Journal cover Journal topic
Hydrology and Earth System Sciences An interactive open-access journal of the European Geosciences Union
https://doi.org/10.5194/hess-2017-626
© Author(s) 2017. This work is distributed under
the Creative Commons Attribution 4.0 License.
Research article
01 Nov 2017
Review status
This discussion paper is a preprint. It is a manuscript under review for the journal Hydrology and Earth System Sciences (HESS).
The temporally varying roles of rainfall, snowmelt and soil moisture for debris flow initiation in a snow dominated system: the compound trigger concept
Karin Mostbauer1, Roland Kaitna1, David Prenner1, and Markus Hrachowitz2 1Institute of Mountain Risk Engineering, University of Natural Resources and Life Sciences, Vienna, Austria
2Water Resources Section, Faculty of Civil Engineering and Geosciences, Delft University of Technology, the Netherlands
Abstract. Debris flows represent a severe hazard in mountain regions. Though significant effort has been made to predict such events, the trigger conditions as well as the hydrologic disposition of a watershed at the time of debris flow occurrence are not well understood. Traditional intensity-duration threshold techniques to establish trigger conditions generally do not account for distinct influences of rainfall, snowmelt, and antecedent moisture. To improve our knowledge on the connection between debris flow initiation and the hydrologic system and to overcome the above limitations, this study explores the use of a semi-distributed conceptual rainfall-runoff model, linking different system variables such as soil moisture, snowmelt, or runoff with documented debris flow events in the inner Pitztal watershed, western Austria. The model was run on a daily basis between 1953 and 2012. Analyzing a range of modelled system state and flux variables at days on which debris flows occurred, three distinct dominant trigger mechanisms could be clearly identified. While the results suggest that for 68 % (17 out of 25) of the observed debris flow events during the study period high-intensity rainfall was the dominant trigger, snowmelt was identified as dominant trigger for 24 % (6 out of 25) of the observed debris flow events. In addition, 8 % (2 out of 25) of the debris flow events could be attributed to the combined effects of low-intensity, long-lasting rainfall and transient storage of this water, causing elevated antecedent soil moisture conditions. The results also suggest a relatively clear temporal separation between the distinct trigger mechanisms, with high-intensity rainfall as trigger being limited to mid- and late summer. The dominant trigger in late spring/early summer is snowmelt. Based on the discrimination between different modelled system states and fluxes and more specifically, their temporally varying importance relative to each other, rather than their absolute values, this exploratory study demonstrates that already the use of a relatively simple hydrological model can prove useful to gain some more insight into the importance of distinct debris flow trigger mechanisms in a compound trigger concept, highlighting in particular the relevance of snowmelt contributions and the switch between mechanisms in early- to mid-summer in snow dominated systems.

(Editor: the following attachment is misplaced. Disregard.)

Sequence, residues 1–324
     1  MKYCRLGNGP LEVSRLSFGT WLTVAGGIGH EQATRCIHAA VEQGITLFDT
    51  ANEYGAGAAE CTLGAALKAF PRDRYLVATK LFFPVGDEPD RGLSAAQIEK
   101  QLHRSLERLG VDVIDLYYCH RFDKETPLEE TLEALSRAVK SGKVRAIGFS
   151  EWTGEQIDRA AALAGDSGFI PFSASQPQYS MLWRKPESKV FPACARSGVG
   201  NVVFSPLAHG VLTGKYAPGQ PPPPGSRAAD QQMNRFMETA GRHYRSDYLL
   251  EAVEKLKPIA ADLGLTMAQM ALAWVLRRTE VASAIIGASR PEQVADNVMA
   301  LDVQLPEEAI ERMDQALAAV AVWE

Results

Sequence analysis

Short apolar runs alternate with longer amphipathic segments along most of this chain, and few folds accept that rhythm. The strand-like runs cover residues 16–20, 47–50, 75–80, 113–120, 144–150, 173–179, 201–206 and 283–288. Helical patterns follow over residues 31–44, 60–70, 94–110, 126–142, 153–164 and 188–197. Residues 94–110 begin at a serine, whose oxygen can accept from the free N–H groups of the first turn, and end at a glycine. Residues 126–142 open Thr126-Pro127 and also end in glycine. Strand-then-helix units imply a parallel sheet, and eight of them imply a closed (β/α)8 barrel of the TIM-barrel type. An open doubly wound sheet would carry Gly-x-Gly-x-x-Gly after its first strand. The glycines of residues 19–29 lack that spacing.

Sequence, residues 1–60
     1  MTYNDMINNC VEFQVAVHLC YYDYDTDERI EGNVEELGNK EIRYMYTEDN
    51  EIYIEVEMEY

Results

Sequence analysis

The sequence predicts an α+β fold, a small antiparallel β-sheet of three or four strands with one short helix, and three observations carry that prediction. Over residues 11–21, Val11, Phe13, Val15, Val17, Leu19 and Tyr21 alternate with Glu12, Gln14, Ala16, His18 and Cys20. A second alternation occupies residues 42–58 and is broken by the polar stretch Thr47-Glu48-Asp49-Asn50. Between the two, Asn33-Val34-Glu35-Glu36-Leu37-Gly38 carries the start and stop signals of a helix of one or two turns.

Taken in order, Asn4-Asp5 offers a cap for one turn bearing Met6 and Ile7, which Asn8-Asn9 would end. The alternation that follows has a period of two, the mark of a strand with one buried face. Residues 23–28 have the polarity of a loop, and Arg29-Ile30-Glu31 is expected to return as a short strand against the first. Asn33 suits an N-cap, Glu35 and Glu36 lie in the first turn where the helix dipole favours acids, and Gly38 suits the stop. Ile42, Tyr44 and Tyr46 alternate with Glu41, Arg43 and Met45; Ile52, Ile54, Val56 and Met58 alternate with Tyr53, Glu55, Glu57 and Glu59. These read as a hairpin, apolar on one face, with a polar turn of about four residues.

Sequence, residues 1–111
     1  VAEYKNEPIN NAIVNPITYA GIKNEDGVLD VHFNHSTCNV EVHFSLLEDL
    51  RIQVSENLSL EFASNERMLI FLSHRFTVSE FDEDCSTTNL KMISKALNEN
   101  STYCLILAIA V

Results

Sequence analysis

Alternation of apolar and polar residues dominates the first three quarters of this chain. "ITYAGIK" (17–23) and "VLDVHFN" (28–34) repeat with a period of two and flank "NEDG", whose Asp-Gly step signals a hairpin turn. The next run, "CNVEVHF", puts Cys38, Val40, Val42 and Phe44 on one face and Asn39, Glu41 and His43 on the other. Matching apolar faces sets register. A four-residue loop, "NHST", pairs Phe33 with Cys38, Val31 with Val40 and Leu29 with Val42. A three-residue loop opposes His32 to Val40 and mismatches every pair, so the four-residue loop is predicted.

Citation: Mostbauer, K., Kaitna, R., Prenner, D., and Hrachowitz, M.: The temporally varying roles of rainfall, snowmelt and soil moisture for debris flow initiation in a snow dominated system: the compound trigger concept, Hydrol. Earth Syst. Sci. Discuss., https://doi.org/10.5194/hess-2017-626, in review, 2017.
Karin Mostbauer et al.
Karin Mostbauer et al.
Karin Mostbauer et al.

Viewed

Total article views: 252 (including HTML, PDF, and XML)

HTML PDF XML Total Supplement BibTeX EndNote
213 36 3 252 7 2 3

Views and downloads (calculated since 01 Nov 2017)

Cumulative views and downloads (calculated since 01 Nov 2017)

Viewed (geographical distribution)

Total article views: 252 (including HTML, PDF, and XML)

Thereof 246 with geography defined and 6 with unknown origin.

Country # Views %
  • 1

Saved

Discussed

Latest update: 19 Nov 2017
Publications Copernicus
Download
Short summary
Debris flows represent a severe hazard in mountain regions and so far remain difficult to predict. We applied a hydrological model to link not only precipitation, but also snowmelt, antecedent soil moisture, etc. with debris flow initiation in an alpine watershed in Austria. Our results highlight the value of this more holistic perspective, i.e. a compound trigger concept, for developing a better understanding for debris flow initiation.
Debris flows represent a severe hazard in mountain regions and so far remain difficult to...
Share